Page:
• The ZFP techniques also enable ads that are ZFP capable to define and set attributes 128 of a UI 138. In this manner, ZFP ads may create a flexible and rich presentation that includes a variety of content types, styles, layouts, sizes, colors, and so forth. ZFP ads are not limited to, or driven by, fixed characteristics (e.g., size, location, shape, and timing) of traditional placeholders. Moreover, the appearance and/or layout of the UI for an ad may be modified to coordinate the UI with the ad. By doing so, advertisers may achieve an integrated look and feel that enhances their ads and avoids discontinuities between ads and UI's (e.g., differing styles, fonts, themes, color schemes, and so forth) that may occur with traditional techniques.
  • Having considered devices and components of an example environment, consider now example zero fixed placement ad procedures that may be implemented in the environment using the example components, as well as in other environments.
  • Example Procedures
  • The following discussion describes techniques for zero fixed placement ads that may be implemented utilizing the previously described systems and devices. Aspects of each of the procedures may be implemented in hardware, firmware, software, or a combination thereof. The procedures are shown as a set of blocks that specify operations performed by one or more devices and are not necessarily limited to the orders shown for performing the operations by the respective blocks. In portions of the following discussion, reference may be made to the example environment 100 of FIG. 1.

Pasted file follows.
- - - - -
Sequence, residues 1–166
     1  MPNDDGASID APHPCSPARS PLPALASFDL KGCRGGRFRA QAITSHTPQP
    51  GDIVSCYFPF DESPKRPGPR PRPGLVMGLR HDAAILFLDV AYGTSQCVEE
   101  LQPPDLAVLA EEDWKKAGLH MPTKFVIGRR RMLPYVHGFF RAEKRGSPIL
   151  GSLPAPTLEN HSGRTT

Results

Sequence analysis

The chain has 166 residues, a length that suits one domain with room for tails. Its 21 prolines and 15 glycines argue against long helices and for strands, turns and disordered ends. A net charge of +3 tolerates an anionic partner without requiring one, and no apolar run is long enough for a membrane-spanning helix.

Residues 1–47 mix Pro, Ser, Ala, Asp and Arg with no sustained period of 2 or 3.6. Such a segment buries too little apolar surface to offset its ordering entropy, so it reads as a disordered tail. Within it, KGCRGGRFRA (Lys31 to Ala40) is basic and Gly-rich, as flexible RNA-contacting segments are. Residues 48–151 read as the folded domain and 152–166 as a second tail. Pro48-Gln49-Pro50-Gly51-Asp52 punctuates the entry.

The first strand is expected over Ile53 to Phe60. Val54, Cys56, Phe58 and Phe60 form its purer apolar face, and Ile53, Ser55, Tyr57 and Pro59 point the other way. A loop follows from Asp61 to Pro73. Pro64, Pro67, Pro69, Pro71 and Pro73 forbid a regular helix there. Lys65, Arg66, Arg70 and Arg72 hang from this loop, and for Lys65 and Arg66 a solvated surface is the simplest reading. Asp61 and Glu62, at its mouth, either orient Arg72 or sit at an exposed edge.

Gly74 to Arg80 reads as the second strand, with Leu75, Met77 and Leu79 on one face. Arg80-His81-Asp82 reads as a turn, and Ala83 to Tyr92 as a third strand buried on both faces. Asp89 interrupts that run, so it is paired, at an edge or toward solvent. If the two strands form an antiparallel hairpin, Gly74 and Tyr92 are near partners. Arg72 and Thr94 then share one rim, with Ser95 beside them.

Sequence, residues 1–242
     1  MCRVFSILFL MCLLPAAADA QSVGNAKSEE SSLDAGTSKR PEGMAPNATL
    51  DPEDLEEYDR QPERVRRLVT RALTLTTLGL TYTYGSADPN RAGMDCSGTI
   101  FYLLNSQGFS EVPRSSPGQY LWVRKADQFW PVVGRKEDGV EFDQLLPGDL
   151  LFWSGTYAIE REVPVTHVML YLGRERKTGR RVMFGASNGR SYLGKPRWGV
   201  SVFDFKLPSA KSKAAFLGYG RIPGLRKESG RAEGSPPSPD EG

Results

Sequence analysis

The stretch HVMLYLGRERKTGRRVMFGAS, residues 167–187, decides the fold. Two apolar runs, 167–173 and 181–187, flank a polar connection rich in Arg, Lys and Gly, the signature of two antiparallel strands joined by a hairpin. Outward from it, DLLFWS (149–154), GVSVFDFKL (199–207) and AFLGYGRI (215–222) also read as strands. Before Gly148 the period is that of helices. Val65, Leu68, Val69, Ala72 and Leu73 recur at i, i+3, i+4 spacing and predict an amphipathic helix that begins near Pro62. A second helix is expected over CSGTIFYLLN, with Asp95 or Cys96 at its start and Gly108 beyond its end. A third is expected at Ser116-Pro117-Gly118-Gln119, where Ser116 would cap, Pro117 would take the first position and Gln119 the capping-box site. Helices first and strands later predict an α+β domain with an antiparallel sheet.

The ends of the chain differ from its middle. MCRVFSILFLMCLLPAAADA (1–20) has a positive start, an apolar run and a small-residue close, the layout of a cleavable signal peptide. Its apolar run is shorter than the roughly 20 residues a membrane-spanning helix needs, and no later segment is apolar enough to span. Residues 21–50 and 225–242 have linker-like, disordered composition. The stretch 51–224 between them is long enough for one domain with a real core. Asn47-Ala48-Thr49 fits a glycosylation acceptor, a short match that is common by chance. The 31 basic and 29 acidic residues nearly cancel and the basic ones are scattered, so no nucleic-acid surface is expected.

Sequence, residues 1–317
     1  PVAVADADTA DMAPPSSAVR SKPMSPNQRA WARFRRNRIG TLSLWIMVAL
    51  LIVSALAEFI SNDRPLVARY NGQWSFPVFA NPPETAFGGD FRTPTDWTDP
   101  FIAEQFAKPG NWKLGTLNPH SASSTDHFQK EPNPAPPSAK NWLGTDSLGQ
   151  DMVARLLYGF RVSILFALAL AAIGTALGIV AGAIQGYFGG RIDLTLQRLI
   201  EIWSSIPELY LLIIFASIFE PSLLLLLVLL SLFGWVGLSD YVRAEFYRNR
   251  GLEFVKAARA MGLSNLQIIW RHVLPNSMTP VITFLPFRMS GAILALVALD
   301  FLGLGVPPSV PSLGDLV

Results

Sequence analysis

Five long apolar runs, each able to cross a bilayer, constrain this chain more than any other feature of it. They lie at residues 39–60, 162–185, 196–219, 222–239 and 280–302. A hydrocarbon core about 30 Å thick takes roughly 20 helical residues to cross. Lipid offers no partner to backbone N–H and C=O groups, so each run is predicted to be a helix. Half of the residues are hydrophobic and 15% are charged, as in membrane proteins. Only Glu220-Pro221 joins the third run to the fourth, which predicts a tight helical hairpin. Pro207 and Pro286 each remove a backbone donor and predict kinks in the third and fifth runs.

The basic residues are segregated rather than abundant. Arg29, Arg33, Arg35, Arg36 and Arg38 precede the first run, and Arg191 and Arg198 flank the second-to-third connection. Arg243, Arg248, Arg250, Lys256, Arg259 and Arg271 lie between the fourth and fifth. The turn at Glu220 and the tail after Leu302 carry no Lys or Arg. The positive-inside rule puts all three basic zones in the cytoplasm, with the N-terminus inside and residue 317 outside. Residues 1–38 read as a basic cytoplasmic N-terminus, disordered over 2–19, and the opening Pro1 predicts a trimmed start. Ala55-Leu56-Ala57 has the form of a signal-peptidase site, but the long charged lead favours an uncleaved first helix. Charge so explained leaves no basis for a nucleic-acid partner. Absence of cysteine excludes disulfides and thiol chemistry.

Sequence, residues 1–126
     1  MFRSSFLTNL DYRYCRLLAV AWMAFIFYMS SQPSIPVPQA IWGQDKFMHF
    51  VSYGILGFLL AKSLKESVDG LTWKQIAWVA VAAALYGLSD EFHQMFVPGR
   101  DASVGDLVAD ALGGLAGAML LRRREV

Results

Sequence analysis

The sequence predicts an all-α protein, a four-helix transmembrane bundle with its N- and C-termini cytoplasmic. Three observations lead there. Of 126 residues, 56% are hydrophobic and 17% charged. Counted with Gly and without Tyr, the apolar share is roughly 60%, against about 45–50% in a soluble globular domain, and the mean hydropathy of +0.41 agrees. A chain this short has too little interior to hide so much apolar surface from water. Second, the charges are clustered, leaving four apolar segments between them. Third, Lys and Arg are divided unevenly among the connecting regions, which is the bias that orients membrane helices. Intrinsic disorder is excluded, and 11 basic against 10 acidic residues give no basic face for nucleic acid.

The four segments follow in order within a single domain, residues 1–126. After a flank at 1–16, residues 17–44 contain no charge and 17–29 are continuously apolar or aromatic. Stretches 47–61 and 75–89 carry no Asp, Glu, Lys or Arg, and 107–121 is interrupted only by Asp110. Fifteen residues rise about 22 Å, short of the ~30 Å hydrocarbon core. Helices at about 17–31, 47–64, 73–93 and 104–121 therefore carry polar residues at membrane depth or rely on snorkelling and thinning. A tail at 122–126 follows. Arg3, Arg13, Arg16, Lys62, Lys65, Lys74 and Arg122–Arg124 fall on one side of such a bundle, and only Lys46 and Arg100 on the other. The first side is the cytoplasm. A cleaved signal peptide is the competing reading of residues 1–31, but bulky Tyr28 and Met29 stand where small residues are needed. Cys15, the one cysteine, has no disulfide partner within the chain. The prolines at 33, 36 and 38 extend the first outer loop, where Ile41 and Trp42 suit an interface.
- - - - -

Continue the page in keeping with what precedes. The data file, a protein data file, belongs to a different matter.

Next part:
• FIG. 2 depicts a procedure 200 in an example implementation in which a client presents zero fixed placement ads. In at least some embodiments, procedure 200 may be performed by a suitably configured client, such as by a client 104 of FIG. 1 having a communication module 136 that makes use of an ad interface 140. The ad interface 140 may be implemented as a component of the communication module 136, or as a standalone component. Further, the ad interface 140 may be provided by way of script that is downloaded along with UI data 122 obtained from a service provider 102. Ad interface 140 may also be implemented as a network-based application that the client 104 accesses from a server and utilizes over the network 108.